Example: when I am feeding my son on the couch I needed a stool to feel comfortable. Otherwise my feet would dangle which put increased pressure on my hips. This would then also cause back pain! The stool allowed me to have my back rest against the couch while maintaining a line between ears, shoulder and hips! My second feeding location is a rocking chair. I added a stool to allow me to be in a more restful position. However I needed a bit more height to the stool still. Adding a throw pillow on top of the stool to make it more ergonomically correct position. If I do not have that pillow I feel it and it doesn’t even give much more height!

But what about my sore arms/shoulders you say?

Well the trick for that is to keep your shoulders down from your ears in a relaxed position. Keep your elbows as close to your body as is comfortable and use your biceps. To use your biceps you want to either have your hands facing upwards or facing inward/towards each other position. As well this is another place where lots of pillows can be very helpful! Even though my son is 15 months now I continue to bottle feed him before bed on our soft nursing pillow because it allows my arms to hold him but it takes some of his weight off of my arms.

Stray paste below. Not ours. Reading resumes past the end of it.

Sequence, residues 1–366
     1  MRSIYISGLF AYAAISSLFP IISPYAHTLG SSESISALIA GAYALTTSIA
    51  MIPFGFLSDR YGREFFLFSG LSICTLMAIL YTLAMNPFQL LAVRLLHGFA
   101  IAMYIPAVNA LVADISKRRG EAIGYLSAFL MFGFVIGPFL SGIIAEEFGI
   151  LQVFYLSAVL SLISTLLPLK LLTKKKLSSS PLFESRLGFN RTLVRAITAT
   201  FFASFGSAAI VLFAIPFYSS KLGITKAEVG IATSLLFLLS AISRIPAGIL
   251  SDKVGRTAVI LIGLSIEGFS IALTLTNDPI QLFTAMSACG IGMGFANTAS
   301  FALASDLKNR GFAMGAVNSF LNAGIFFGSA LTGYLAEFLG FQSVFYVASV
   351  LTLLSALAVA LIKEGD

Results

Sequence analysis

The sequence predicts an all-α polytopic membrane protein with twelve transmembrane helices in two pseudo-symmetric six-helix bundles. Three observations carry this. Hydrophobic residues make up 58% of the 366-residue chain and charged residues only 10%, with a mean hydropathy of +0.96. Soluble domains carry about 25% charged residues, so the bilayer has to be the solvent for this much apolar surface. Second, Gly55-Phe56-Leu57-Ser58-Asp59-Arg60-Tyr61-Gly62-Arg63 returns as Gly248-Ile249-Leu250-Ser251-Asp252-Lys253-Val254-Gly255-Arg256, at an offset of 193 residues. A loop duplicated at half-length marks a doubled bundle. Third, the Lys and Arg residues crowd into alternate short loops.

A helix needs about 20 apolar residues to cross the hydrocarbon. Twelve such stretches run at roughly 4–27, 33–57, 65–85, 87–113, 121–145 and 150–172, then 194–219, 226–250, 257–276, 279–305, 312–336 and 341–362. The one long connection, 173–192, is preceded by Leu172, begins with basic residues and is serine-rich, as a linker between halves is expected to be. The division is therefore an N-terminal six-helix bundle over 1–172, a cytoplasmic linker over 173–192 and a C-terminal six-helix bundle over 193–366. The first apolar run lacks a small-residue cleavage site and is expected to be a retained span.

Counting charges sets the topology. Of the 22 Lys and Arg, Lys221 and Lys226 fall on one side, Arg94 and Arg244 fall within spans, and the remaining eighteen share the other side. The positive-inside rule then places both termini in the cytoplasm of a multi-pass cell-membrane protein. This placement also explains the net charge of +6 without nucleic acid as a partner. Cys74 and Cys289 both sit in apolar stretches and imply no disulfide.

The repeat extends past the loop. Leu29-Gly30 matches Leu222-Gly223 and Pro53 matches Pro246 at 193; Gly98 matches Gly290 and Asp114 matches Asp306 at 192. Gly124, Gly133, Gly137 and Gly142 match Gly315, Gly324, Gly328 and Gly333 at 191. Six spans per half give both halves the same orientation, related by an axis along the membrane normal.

I found the more firm breast feeding pillow provided better support when my son was young but as he grew it didn’t allow the best positioning that is when we transitioned to the soft nursing pillow with either the rocking chair arm rest under it or another pillow to allow him to rest in my comfort zone. As he got bigger and transferred to a bottle we mostly used the soft nursing pillows.

These steps might seem like a lot to remember but usually if you take a bit of time to think your positioning through and get the right tools to support you and your baby then your body will feel way more comfortable and it will hopefully help your body feel better! If you are interested in finding out more specifics book an appointment with myself Megan the OT at Warman Physio, or join my online presentation February 12, 2021.